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The Thawing Temperature of Cryopreserved Equine Semen and Its Effects on Spermatozoal Motility

Booth Id:

Cellular and Molecular Biology


Finalist Names:
Holz, John (School: Kildare Catholic College)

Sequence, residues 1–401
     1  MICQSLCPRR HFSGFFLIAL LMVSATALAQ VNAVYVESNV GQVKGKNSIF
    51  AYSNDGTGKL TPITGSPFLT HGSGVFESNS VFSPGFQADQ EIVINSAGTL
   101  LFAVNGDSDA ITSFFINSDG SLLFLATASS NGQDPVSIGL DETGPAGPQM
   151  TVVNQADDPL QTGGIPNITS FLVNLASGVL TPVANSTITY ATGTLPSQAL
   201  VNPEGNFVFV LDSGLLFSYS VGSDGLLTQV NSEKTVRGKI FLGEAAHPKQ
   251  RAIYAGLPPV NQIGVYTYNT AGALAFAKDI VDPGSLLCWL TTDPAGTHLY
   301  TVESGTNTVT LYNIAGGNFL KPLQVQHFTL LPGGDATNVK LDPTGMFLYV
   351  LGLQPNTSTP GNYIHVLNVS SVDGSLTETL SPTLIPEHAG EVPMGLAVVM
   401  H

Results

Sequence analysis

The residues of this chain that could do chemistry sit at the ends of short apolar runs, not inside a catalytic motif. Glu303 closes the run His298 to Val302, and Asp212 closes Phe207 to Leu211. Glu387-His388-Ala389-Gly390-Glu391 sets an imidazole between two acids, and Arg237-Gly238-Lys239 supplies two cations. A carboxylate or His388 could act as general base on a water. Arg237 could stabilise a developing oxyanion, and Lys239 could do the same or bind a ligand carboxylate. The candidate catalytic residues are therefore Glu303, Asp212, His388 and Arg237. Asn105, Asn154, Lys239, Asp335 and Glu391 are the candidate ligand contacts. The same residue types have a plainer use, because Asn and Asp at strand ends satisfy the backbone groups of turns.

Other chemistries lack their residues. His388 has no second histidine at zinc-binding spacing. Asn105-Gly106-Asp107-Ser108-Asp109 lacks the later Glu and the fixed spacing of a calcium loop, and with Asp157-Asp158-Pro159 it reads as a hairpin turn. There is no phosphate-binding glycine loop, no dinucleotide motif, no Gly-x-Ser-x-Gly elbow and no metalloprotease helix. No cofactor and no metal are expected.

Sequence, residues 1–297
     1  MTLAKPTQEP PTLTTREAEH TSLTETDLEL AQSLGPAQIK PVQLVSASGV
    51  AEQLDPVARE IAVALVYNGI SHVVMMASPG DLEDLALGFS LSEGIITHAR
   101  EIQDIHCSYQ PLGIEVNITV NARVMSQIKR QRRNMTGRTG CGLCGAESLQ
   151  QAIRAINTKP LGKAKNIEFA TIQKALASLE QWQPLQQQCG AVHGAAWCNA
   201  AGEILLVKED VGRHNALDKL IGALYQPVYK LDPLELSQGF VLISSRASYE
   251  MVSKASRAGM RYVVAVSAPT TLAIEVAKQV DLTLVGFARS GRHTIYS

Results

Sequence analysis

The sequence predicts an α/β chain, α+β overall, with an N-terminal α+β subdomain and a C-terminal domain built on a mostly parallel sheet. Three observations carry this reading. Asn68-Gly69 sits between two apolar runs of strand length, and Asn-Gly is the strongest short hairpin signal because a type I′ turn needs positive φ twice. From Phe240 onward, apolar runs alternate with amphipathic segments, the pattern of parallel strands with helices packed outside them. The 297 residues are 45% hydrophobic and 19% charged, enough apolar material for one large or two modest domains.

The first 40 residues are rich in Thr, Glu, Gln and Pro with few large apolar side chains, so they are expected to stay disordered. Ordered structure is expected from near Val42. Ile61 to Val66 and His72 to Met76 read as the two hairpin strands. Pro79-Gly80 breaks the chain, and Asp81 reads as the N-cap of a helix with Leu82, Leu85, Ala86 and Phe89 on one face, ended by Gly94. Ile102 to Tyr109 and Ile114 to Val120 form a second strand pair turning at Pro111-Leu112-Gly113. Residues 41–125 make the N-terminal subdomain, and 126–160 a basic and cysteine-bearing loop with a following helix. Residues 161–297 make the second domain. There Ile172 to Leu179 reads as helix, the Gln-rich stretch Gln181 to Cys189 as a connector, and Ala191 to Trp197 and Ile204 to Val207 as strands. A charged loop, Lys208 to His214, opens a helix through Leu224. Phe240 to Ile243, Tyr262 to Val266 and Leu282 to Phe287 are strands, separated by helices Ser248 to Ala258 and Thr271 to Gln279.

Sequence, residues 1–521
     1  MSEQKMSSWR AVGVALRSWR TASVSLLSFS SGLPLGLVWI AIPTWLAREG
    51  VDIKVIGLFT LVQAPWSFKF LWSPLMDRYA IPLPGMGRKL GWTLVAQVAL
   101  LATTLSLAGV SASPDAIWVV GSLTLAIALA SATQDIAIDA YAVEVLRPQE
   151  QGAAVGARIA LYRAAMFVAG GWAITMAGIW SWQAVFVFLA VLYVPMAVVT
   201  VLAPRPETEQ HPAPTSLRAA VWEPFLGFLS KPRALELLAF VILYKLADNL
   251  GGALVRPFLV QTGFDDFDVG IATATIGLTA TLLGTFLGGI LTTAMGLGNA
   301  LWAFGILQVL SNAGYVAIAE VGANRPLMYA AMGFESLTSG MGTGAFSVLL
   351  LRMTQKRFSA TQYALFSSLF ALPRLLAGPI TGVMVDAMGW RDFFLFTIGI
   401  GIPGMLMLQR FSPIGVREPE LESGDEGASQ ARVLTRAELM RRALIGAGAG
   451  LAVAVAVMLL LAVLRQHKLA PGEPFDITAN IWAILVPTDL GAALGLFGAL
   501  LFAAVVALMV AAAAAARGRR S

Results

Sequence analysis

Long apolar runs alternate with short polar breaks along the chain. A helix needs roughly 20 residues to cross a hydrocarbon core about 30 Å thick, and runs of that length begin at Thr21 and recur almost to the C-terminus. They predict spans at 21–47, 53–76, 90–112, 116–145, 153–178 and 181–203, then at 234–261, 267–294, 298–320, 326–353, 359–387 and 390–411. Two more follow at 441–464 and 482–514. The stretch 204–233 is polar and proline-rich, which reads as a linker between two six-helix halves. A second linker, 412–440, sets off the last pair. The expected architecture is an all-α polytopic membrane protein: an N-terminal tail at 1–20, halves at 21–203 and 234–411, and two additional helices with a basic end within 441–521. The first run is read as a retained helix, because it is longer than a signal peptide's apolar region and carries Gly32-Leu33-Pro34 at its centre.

Advances in artificial insemination techniques and semen handling have led to an increased rate of successful pregnancies and increased efficiency in large scale breeding programs. These techniques are done for various reasons such as, reduction of STDs and STIs, access to superior genetics, the preservation of superior genetics, and can also be used as a therapeutic aid for certain types of infertility. As these AI technologies continue to advance, it is important that the inseminated sperm is of high quality. The following study aims to determine the optimal temperature for thawing extended cryopreserved ejaculated semen. Ejaculated stallion semen collected by means of an AI and cryopreserved in 0.5ml straws and thawed at temperatures 15°C, 37°C, 45°C, and 70°C. Thawing the semen at 37°C resulted in the highest motility, as it is the temperature at which the semen is stored in the cauda epididymis. A one-way ANOVA statistical analysis was conducted to assess whether there was a significant difference in post-thaw motility at the above temperatures. At an α value <0.01, a p-value of <0.00001 was extrapolated, thus the result is significant, meaning thawing temperature does affect the motility of cryopreserved stallion semen. By optimizing the motility of past cryopreserved semen, the rate of conception with such semen is increased, thus increasing the cost effectiveness of all breeding programs.